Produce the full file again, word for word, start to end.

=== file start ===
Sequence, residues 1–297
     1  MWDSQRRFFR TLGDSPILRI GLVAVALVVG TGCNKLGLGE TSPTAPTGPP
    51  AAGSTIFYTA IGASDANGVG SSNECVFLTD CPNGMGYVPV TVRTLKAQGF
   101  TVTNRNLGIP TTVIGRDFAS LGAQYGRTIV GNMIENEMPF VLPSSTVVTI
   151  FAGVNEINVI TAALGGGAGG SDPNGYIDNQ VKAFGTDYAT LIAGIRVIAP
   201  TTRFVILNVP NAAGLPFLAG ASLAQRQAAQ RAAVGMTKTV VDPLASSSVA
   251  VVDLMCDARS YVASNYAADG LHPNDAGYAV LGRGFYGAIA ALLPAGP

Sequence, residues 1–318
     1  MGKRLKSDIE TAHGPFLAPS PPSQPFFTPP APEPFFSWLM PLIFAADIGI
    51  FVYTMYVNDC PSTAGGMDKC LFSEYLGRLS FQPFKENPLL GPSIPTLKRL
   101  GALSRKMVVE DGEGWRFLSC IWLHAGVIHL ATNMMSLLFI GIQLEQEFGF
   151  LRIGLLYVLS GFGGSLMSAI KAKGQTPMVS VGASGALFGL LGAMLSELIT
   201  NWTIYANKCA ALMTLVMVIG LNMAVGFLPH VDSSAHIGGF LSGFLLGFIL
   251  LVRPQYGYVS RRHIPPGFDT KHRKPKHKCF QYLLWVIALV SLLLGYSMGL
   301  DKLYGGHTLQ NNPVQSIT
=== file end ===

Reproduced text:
Sequence, residues 1–297
     1  MWDSQRRFFR TLGDSPILRI GLVAVALVVG TGCNKLGLGE TSPTAPTGPP
    51  AAGSTIFYTA IGASDANGVG SSNECVFLTD CPNGMGYVPV TVRTLKAQGF
   101  TVTNRNLGIP TTVIGRDFAS LGAQYGRTIV GNMIENEMPF VLPSSTVVTI
   151  FAGVNEINVI TAALGGGAGG SDPNGYIDNQ VKAFGTDYAT LIAGIRVIAP
   201  TTRFVILNVP NAAGLPFLAG ASLAQRQAAQ RAAVGMTKTV VDPLASSSVA
   251  VVDLMCDARS YVASNYAADG LHPNDAGYAV LGRGFYGAIA ALLPAGP

Sequence, residues 1–318
     1  MGKRLKSDIE TAHGPFLAPS PPSQPFFTPP APEPFFSWLM PLIFAADIGI
    51  FVYTMYVNDC PSTAGGMDKC LFSEYLGRLS FQPFKENPLL GPSIPTLKRL
   101  GALSRKMVVE DGEGWRFLSC IWLHAGVIHL ATNMMSLLFI GIQLEQEFGF
   151  LRIGLLYVLS GFGGSLMSAI KAKGQTPMVS VGASGALFGL LGAMLSELIT
   201  NWTIYANKCA ALMTLVMVIG LNMAVGFLPH VDSSAHIGGF LSGFLLGFIL
   251  LVRPQYGYVS RRHIPPGFDT KHRKPKHKCF QYLLWVIALV SLLLGYSMGL
   301  DKLYGGHTLQ NNPVQSIT